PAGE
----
You love it or you hate it. So this is a recipe for those of you that love it. The rest of you might want to check out my Thanksgiving 2016 Recipe Round-up post instead…
Egg nog is actually very easy to make keto because the basic ingredients are eggs and cream. Before a couple of years ago, I’d only had store-bought egg nog is super high in sugar and filled with fake-food thickeners to avoid all those “bad” foods like eggs and heavy cream (oh, and probably to save a bunch of money for the food manufacturers). I had no idea that it was something you could make at home! And like most things made at home, it puts store-bought to shame. Most recipes use milk for a good portion of the liquid, but when you’re on a low carb, high fat diet, why not go all out and use all heavy cream?
4 large eggs
1/3 cup Swerve confectioners style sweetener
3 cups heavy cream
3 ounce rum (optional – substitute 1 teaspoon rum extract for non-alcoholic version)
1 teaspoon nutmeg
Separate eggs and place egg yolks into the bowl of a stand mixer. Beat for a few minutes, until light in color. Gradually add the Swerve and continue beating until dissolved. Add the cream, rum (or rum extract) and nutmeg, and stir to combine. Pour this mixture into a pitcher or large bowl.
In cleaned and dried bowl of the stand mixer, add egg whites and beat to soft peaks. Whisk the egg whites into the egg yolk mixture.
Chill and serve.
Yield: 6 servings
Macros: 491 calories, 46.6 g fat, 7.6 g protein, 3.8 g carbs
2 cups romaine lettuce, chopped
1/2 avocado, sliced
1 ounce blue cheese
1 ounce cheddar cheese
1/2 cup grape tomatoes
Macros: 349.3 calories, 28.4 g fat, 15.3 g protein, 11.6 g carbs, 6.9 g fiber
The only truly keto-friendly protein bar on the market is from Adapt Your Life, Dr. Eric Westman’s company. Low-carb (2 grams), moderate protein (5 grams), and high-fat (8 grams), these tasty little morsels give keto dieters an on-the-go option for a quick snack or the occasional dessert-like treat. The Coffee Shots are designed to be a convenient travel option for making Bulletproof-style coffee, with coconut oil, MCT oil, and butter, sweetened with just a touch of stevia.
On this episode of keto chat, Mikayla and Carole sample:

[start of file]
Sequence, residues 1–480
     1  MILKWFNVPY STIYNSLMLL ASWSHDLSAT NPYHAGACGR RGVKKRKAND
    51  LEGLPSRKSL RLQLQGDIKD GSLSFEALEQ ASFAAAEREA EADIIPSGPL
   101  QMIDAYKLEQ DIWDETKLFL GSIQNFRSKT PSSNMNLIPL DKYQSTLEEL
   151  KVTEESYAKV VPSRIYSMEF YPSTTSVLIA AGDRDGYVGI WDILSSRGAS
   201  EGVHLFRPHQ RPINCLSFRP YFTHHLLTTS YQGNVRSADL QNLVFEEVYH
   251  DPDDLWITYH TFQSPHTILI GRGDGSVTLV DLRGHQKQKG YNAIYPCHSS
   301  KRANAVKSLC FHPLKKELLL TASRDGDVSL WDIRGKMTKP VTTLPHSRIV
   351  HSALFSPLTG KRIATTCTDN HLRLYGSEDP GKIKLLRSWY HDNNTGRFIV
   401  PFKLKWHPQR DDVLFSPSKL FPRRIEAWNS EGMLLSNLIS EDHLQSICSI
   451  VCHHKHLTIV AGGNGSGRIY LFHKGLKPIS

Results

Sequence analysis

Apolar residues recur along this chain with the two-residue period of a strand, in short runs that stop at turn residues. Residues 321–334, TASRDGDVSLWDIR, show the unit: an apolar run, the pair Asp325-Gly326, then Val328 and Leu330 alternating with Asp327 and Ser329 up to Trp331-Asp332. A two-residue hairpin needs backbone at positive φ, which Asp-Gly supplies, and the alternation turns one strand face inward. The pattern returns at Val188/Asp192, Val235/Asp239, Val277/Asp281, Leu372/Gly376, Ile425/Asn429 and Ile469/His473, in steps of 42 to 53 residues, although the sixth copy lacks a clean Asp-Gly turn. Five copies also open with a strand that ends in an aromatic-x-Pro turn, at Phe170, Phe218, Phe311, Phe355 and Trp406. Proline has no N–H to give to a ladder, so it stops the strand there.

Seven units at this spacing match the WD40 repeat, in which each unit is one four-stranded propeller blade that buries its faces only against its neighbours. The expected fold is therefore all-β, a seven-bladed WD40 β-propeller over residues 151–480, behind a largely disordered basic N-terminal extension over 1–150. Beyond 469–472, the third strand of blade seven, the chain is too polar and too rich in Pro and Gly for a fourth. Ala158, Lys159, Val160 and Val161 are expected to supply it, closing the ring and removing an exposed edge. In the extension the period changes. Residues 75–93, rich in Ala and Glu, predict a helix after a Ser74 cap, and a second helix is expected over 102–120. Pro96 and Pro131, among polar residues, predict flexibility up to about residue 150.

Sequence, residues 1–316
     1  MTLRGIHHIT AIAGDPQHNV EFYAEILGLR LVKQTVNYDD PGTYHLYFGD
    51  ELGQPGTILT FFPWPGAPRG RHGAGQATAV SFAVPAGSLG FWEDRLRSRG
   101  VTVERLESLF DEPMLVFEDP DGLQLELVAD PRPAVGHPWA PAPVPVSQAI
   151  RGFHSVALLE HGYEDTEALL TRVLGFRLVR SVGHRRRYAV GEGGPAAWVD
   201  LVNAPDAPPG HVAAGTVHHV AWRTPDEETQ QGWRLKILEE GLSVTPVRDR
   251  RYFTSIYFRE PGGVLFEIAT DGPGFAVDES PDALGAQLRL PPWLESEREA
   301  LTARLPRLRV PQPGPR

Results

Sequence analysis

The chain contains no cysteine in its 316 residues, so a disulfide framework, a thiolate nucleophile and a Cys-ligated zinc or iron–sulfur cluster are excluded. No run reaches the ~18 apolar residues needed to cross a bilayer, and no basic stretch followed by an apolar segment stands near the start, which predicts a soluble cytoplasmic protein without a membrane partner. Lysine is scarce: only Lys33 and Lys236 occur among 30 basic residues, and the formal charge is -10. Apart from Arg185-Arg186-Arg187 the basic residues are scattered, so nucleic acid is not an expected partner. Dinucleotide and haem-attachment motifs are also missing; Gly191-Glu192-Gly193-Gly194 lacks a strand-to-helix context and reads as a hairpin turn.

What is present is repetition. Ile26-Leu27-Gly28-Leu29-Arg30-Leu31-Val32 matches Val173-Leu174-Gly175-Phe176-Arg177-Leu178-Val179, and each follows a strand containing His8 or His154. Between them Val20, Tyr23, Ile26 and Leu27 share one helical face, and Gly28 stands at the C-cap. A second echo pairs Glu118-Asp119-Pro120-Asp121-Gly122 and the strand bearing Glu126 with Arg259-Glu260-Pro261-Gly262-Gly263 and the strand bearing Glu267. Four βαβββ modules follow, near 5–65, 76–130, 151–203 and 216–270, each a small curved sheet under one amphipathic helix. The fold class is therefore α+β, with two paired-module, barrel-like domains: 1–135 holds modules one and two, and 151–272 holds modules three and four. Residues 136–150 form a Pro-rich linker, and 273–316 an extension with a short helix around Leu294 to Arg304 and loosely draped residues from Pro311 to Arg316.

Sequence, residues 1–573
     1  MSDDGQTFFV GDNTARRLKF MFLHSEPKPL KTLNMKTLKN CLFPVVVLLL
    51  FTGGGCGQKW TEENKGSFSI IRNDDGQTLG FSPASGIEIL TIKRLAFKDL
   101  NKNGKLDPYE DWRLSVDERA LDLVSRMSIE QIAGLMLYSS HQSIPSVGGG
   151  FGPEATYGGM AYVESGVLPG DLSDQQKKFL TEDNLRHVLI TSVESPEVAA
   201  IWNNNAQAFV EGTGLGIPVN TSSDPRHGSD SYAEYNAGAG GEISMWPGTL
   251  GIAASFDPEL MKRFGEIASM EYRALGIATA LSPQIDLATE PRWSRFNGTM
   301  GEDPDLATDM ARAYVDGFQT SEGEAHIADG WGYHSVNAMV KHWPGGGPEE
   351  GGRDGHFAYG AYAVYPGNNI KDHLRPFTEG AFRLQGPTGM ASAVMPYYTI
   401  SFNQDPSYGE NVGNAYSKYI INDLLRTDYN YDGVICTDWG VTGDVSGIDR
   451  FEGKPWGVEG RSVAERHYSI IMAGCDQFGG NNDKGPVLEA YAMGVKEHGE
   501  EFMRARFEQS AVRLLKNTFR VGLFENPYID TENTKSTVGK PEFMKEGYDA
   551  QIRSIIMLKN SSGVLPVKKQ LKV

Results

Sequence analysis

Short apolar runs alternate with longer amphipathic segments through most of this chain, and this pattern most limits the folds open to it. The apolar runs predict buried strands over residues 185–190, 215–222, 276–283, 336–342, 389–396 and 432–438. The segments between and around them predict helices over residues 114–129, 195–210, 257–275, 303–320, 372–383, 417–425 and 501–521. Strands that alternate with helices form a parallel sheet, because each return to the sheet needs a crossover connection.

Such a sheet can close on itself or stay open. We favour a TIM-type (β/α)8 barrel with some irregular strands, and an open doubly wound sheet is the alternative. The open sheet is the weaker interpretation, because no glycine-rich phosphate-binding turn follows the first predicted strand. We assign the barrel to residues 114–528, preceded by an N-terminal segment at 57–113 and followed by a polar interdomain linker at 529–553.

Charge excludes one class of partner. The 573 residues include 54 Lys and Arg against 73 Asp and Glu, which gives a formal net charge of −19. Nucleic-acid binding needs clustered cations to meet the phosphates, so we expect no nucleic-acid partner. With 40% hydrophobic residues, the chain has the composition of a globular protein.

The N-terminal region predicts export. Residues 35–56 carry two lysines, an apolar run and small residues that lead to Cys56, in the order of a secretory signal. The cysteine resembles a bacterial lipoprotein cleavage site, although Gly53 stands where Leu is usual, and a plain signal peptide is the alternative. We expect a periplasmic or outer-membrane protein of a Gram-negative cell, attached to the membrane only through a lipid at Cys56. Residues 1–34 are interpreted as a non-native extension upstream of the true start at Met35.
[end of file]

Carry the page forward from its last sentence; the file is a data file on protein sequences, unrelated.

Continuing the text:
- Cookies and Cream Adapt Bar
- Lemon Cheesecake Adapt Bar
- Chocolate Adapt Bar
- Vanilla Coffee Shot
- Hazelnut Coffee Shot
Have you tried any of the Adapt Your Life products?
Which is your favorite?
The Hypnotic Nutrition taste testers are back again sampling some very high fat, heavy whipping cream. Along with Carole and Mikayla, this time we also have guest taste tester Daniel Andras, Registered Dietitian and self-proclaimed “fat snob”. Did we all agree on our favorite and least favorite?
The heavy cream and heavy whipping cream we tasted:
Darigold 36% Heavy Whipping Cream – about $3.29 for a pint
Trader Joe’s Organic Heavy Whipping Cream – $3.99 for a pint
Twin Brook Heavy Cream – $3.49 for a pint (plus $1.95 deposit for glass jar)
Pure Eire Organic Heavy Cream – $3.49 for 1/2 pint
What we talk about in the video:
- Carrageenan vs. Gellan gum
- Grass-fed nutrition benefits
- Holstein vs. Jersey cow milk
- Pasteurized vs. raw milk and the benefits of each
- Benefits of buying milk in glass containers vs. cartons
- Homogenized vs. non homogenized milk products
- A1 casein vs. A2 casein and how one might be better for dairy sensitivities
- The breakdown of fat content of whole milk, cream, heavy cream, and heavy whipping cream
What are you hungry for us to taste next?
Let us know in the comments below.
Keto Chat Episode 14 is with Randy Webb, Licensed Professional Counselor in Arizona and Licensed Mental Health Counselor in Washington. Randy was my counseling internship supervisor when I was completing my graduate degree in 2012, and at that time, he was a vegetarian. When I went to visit Phoenix in March 2016, I was excited to talk to Randy about a couple of the therapies he’s passionate about. But then I discovered that he had a big surprise for me regarding his diet!
What we talk about:
- Randy’s surprise development of metabolic syndrome, fatigue, sleep trouble, and kidney issues when he was eating, what he thought was, a health diet.
- His journey from a low-fat, high carb, vegetarian diet to a lower carb, omnivorous diet
- Who inspired Randy to look at his diet and give up oatmeal and consider eating sardines for breakfast
- What health improvements he’s seen since changing his diet
- Which dietary change had the biggest impact on his health markers
- How Randy became interested in hypnotherapy
- How trauma can lead to mindless eating, emotional eating, or stress eating and what can be done about it
- How EMDR therapy empowers a person to build their own internal resources for health and well-being as opposed to other talk therapy that focuses on identifying and changing what is “wrong” with a person
Did you know that iron deficiency is the most common nutrient deficiency in the US (and the world)? One of my students recently asked me how this could be so, since “Americans eat tons of red meat”. Let’s look at what factors contribute to making iron deficiency so prevalent (and clear up a myth or two in the process).
Who’s At Risk?
If you can say YES to ANY of the following, you are at risk of being iron deficient:
- Are you a pre-menopausal woman?
- Do you regularly use antacids or acid blockers?
- Do you engage in regular, intense exercise (like cross-fit, marathons, half-marathons or triathlons)?
- Are you a vegetarian or vegan?
- Do you eat a diet high in nuts, seeds, grains and legumes, especially soybeans, that are not soaked and/or sprouted?
- Are you an infant, child, teen or pregnant woman?
- Do you have celiac disease (or other malabsorption issues, like IBS)?
- Have you had gastric bypass surgery?
- Do you avoid eating organ meats, like liver, kidney, heart, spleen, giblets?
Continue reading “Iron – Why You Are Probably Deficient”